I follow, not stepping on any of the cracks. Sometimes I have to guess where the cracks are because the pavement's mushy with fallen leaves. At one point I had to step out of the way of a man with huge fists jogging by in a black and orange tracksuit. Wolverhampton Wanderers play in black and orange. Shining berries hang from a mountain ash. I'd like to count them, but the clip-­clop-­clip-­clop of Mum's heels pulls me on. She bought the shoes at John Lewis's sale with the last of the money the Royal College of Music paid her, even though British Telecom sent a final reminder to pay the telephone bill. She's wearing her dark blue concert outfit and her hair up with the silver fox-­head hairpin. Her dad brought it back from Hong Kong after World War Two. When Mum's teaching a student and I have to make myself scarce, I sometimes go to Mum's dressing table and get the fox out. He's got jade eyes and on some days he smiles, on others he doesn't. I don't feel well knitted today, but the Valium should kick in soon. Valium's great. I took two pills. I'll have to miss a few next week so Mum won't notice her supply's going down. My tweed jacket's scratchy. Mum got it from Oxfam specially for today, and the bow ­tie's from Oxfam, too. Mum volunteers there on Mondays so she can get the best of the stuff people bring in on Saturdays. If Gaz Ingram or anyone in his gang sees me in this bow tie, I'll find a poo in my locker, guaranteed. Mum says I have to learn how to Blend In more, but there aren't any classes for Blending In, not even on the town library notice board. There's a Dungeons & Dragons club advertised there, and I always want to go, but Mum says I can't because Dungeons & Dragons is playing with dark forces. Through one front window I see horse racing. That's Grandstand on BBC1. The next three windows have net...
About the Author-
  • David Mitchell is the award-winning and bestselling author of Slade House, The Bone Clocks, The Thousand Autumns of Jacob de Zoet, Black Swan Green, Cloud Atlas, Number9Dream, and Ghostwritten. Twice shortlisted for the Man Booker Prize, Mitchell was named one of the 100 most influential people in the world by Time in 2007. With KA Yoshida, Mitchell translated from the Japanese the internationally bestselling memoir The Reason I Jump. He lives in Ireland with his wife and two children.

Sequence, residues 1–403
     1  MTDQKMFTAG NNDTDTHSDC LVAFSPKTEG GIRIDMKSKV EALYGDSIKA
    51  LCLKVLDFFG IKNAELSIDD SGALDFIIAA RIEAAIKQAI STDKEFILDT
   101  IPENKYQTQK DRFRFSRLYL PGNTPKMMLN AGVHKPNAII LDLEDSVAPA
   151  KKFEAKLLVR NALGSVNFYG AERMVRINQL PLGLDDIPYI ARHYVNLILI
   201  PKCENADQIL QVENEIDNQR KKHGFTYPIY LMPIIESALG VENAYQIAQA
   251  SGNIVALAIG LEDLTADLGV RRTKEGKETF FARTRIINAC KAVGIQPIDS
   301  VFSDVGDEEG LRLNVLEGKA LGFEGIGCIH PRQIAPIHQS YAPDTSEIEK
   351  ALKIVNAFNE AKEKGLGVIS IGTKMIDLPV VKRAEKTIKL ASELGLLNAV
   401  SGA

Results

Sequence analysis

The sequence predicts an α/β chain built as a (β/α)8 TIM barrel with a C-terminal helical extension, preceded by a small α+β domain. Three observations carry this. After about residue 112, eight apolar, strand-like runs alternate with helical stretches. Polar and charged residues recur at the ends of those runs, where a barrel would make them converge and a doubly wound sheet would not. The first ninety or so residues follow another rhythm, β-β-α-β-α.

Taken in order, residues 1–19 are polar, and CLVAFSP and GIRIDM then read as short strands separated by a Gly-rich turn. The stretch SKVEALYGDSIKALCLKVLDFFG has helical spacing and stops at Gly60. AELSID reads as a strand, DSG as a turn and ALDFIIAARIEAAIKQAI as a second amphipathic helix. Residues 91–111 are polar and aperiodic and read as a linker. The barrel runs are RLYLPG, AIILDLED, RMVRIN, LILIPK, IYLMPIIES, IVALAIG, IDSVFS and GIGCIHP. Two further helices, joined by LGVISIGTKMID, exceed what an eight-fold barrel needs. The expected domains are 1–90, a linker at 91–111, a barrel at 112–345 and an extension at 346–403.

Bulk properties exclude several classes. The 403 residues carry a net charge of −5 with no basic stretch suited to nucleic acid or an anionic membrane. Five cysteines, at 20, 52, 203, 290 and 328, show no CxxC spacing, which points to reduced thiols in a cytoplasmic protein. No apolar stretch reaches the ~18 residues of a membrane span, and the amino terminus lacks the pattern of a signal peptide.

Reviews-
  • AudioFile Magazine It's not necessary to listen to THE BONE CLOCKS in order to thoroughly enjoy this sequel. Top-notch narrators Thomas Judd and Tania Rodrigues give amazing performances of Mitchell's wildly original characters and surreal situations. A sinister brother and sister invite certain young people to Slade House. Each person who accepts the invitation--a preteen boy, a college girl, a cop--becomes important to us just before the unthinkable happens. Meanwhile, the war is still going on between the compassionate Horologists, helpers of humankind, and the ominous, self-serving Anchorites. Both narrators make the creepy moments in this genre-bending haunted-house mystery memorable. David Mitchell's divine fiction is bigger on the inside. The deeper you go, the more there is. S.J.H. Winner of AudioFile Earphones Award © AudioFile 2015, Portland, Maine
  • Publisher's Weekly

    July 13, 2015
    Mitchell’s latest novel is his shortest and lightest to date, and it functions as a sort of entry-level offering from the author of hugely ambitious novels such as Cloud Atlas and The Bone Clocks. Unfortunately, it gives Mitchell’s fans far too little of a good thing. Tucked into an alley behind a British dive bar is the sprawling and mysterious Slade House, inhabited by the soul-eating, shape-shifting Grayer Twins. In episodes that begin in 1979 and end in the present, they lure a succession of human hosts into their Wonderland-like abode. First there’s a geeky teen and his mother, then a hard-boiled detective and a crew of New Wave ghost hunters, followed by a backstory-heavy section framed as an interview with an expert on the case. All will eventually enter the mind-bending architecture of Slade House and engage in psychic warfare with its denizens. There is a solid haunted-house book in here somewhere, but it’s wedged intermittently into a surfeit of quirk, repetition, and esoteric dialogue that’s very hard to take seriously without a more solid foundation. It all builds up to the requisite wizard duel between the Twins and the formidable Iris Marinus-Levy, who will be familiar to readers of The Bone Clocks. The high degree of self-reference—and the skipping through genre and time—is trademark Mitchell, but the constant rehashing of what is already a pretty thin plot means that this offering fails to really stand up on its own, or to add anything new to the Mitchell-verse.

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Slade House
A Novel
David Mitchell